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The Gift of Time - Sermon by Rabbi Tina Grimberg, September 21, 2017

24/01/2018 01:08:07 PM

Jan24

What makes somebody an extraordinary friend? Most will probably respond by saying that a wonderful friend is someone who understands you – somebody you can trust and, above all, somebody who is willing to make time for you. There is no extraordinary friendship without the gift of time. That is one of the messages of Genesis. Our beloved narrative of Avraham standing up for injustice leaves us in awe of his courage and boldness. But what allows somebody to be so honest and so forward if not the investment of time in the relationship.

That is why God’s rhetorical question on account of Sodom and Gomorra is a form of invitation:

“Shall I conceal from Abraham what I am about to do?”

Preceding these verses is Abraham’s profound loyalty and generosity of his gift of time to three messengers that come to represent God in his tent. This allows Abraham to shine forth his incredible human qualities. Only an outstanding human being is willing to give so much of oneself.

Abraham, feeling unwell after his self-inflicting wounds, forgets his discomfort and dashes to bring them into the tent. He asks Sarah and a young servant to prepare a meal. While these 3 messengers are strangers they now become his guests. Abraham seats them and he waits upon them and looks after them.  As the Torah says Vehu omed aleyhem – he stood over them in full attention and presence.

The fate of Sodom and Gomorra is sealed but it is Abraham who will challenge God to do the right thing, just like a good friend challenges the other in a friendship that is built on trust, understanding and shared time.

“Time is our most valuable possession.” This statement that is often used in North America as we painfully equate time and money. I will argue that it is not.

We can potentially make more money but we cannot make up the lost time.

Once the moment is lost it is never to be repeated.

It makes life both thrilling and dangerous.

I often watch people enter a restaurant or a meeting and the first thing that gets placed on the table in front of them is their phone. I am not here to speak of their benefits; I am here to say that the true and most precious relationships are marked by how much eye contact we make with one another.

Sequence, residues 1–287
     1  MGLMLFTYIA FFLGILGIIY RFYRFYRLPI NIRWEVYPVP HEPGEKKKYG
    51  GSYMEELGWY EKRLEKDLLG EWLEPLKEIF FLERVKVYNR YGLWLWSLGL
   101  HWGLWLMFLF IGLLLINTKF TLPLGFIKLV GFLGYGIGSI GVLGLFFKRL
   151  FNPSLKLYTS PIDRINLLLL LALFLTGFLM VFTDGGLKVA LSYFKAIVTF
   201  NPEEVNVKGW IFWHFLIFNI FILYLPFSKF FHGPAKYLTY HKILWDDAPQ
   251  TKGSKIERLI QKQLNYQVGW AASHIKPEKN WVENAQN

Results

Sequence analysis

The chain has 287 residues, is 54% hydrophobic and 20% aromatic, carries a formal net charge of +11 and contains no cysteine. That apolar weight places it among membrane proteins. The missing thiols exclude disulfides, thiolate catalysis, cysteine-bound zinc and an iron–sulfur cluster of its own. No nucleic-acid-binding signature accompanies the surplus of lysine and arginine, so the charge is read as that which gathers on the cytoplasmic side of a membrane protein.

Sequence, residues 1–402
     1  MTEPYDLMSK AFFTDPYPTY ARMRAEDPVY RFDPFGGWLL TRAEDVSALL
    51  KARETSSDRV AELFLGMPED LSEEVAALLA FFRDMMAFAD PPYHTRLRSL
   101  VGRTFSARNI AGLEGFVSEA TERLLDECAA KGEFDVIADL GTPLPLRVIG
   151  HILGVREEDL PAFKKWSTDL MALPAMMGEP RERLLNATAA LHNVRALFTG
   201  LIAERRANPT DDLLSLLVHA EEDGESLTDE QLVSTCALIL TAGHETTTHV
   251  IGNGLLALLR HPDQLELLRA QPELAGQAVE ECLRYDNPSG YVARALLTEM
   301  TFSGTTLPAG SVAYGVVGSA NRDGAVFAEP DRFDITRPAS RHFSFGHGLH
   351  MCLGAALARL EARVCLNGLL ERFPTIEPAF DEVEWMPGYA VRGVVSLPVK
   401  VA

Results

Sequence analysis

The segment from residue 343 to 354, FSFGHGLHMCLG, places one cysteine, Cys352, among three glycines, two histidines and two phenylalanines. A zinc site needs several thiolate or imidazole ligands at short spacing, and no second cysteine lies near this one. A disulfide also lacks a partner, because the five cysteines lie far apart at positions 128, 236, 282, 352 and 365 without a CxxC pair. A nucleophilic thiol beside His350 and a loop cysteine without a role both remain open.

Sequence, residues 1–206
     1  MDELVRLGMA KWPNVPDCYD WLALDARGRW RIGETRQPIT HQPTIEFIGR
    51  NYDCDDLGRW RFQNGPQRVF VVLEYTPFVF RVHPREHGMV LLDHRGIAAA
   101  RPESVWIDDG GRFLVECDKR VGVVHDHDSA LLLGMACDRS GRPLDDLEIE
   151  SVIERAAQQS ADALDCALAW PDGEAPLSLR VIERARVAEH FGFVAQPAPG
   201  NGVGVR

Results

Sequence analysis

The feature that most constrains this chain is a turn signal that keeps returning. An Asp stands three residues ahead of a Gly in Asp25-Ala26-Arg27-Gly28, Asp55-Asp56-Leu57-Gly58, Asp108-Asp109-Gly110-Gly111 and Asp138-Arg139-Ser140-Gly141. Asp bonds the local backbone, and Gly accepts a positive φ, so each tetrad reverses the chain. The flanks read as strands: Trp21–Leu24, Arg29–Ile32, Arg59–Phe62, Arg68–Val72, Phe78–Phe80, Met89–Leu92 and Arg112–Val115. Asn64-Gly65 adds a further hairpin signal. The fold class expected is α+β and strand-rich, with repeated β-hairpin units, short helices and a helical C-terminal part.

How much we multi-task and how fast we try to escape intimacy and meaning, even if the high-speed devices assist us, they will never give us back what we have allowed them to steal from us. When Abraham stands over his guests, washes their feet, walks them out as they journey on their way -- he does so without knowing that there might be an incredible pay off in the end: that he and Sarah will become parents.

What Abraham gives them is his full presence. In Jewish tradition, guests are the equivalent of God’s presence in our house. Rabbis picked up on that nuance and called Abraham God’s friend. He is a friend who can stand up even to God. To argue for the ten righteous in Sodom and Gomorra.

But, in trying to understand the preciousness of time, I must say that we have a dual sensibility about it.

 

Time – Friend or Foe? By Margaret E. Mulac

One of the most common reactions to the beginning of a new year is a comment on the speed with which the last one blew past us.

But whether the last year flew by or crawled by, it has been ours. It has been woven into the fabric of our being. It is part of the immortal record. A new year has just dawned. How shall we greet it? Is time friend or foe? Ziggy, our friend on the comics page, believes that “God invented time to keep all our bills from happening at once.”

Time is a great healer but a poor beautician. Time is a tailor specializing in alterations. Some changes are for the worse, some for the better. Actually, time is neither an ally nor an enemy. It is what we do with time that matters...

For us time will not turn backward. Only the TV camera permits replays. The film of life cannot be rewound.

Horace Mann, the great American educator, once put this announcement in a newspaper’s lost-and-found column: “Lost somewhere between sunrise and sunset, two golden hours, each set with 60 diamond minutes. No reward is offered, for they are gone forever.”